As a result I am not much of a hoarder and my house, garage and shed are fairly clear, but admit to piles of old paperwork and books stashed away in the loft, plus a great many old toys and much hobby equipment belonging to my adult children, who are always going to sort it.
Clear the loft is this summer's project.

rockgran Sun 25-Mar-18 11:19:58

I'll make sure there is enough left in the will for a few skips!

Dove Sun 25-Mar-18 16:47:34

Thank you ladies, I have read all of your comments. Some great advice and some thought provoking stories you shared! smile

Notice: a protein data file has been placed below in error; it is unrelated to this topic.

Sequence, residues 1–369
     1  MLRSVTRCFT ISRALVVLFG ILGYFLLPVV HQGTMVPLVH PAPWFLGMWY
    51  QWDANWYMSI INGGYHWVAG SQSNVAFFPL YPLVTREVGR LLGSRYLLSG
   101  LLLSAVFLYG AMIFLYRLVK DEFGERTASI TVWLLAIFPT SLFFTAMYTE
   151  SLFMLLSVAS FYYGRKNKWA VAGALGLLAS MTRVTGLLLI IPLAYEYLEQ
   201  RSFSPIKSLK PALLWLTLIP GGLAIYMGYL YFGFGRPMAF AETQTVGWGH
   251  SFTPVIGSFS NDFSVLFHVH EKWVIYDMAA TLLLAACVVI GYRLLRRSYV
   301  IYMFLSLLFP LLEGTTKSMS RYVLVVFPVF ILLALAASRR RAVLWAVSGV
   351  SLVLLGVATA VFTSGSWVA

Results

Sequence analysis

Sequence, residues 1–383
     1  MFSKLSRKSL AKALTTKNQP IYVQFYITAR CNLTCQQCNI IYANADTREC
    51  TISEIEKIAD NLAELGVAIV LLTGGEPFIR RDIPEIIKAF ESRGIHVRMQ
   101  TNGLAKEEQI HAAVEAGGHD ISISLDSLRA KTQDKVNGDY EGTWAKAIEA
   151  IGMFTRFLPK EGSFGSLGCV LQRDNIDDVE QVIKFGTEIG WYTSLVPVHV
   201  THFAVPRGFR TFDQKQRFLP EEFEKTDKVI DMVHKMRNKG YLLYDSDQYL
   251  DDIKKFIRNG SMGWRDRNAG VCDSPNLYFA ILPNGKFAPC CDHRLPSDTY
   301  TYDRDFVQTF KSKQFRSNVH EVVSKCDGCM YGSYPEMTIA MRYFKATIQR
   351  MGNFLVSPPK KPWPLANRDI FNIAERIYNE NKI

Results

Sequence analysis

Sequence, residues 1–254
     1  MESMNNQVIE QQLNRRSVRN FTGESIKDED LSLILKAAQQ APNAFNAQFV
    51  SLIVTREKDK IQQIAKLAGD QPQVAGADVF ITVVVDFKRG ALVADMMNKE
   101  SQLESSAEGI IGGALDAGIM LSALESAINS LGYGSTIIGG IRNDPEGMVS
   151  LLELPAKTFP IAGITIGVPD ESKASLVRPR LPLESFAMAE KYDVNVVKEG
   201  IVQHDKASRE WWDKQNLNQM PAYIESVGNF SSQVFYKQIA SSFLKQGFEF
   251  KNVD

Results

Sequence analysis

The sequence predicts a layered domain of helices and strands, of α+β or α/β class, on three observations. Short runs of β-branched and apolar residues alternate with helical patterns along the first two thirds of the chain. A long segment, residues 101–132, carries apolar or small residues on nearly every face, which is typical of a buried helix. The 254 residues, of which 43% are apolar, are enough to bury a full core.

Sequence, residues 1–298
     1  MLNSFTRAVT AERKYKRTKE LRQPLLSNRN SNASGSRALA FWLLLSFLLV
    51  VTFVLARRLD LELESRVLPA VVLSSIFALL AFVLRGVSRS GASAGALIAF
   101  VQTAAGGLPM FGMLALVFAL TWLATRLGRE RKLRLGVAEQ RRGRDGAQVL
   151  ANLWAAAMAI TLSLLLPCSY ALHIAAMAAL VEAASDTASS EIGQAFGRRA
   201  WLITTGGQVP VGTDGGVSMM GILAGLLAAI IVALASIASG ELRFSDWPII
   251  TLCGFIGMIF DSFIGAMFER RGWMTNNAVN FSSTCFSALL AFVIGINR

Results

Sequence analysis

Caroline2016 Sun 25-Mar-18 19:51:42

My late Husband was a terrible hoarder , after he died it took me three and a half years , working every day, to clear his stuff , some I was able to sell other items were given away or went to the tip , but , I felt very guilty at getting rid of stuff.
I have written a statement that , when I go , just three items go to a relative and all the rest to a named charity shop

Cold Sun 25-Mar-18 20:41:51

DH's uncle was a terrible hoarder. The cellar of his house was packed with floor to ceiling piles of newspaper, magazines and clothing. After a minor fire in the kitchen the fire service demanded that all the clutter was cleared as the cellar was a fire risk to the whole row of houses.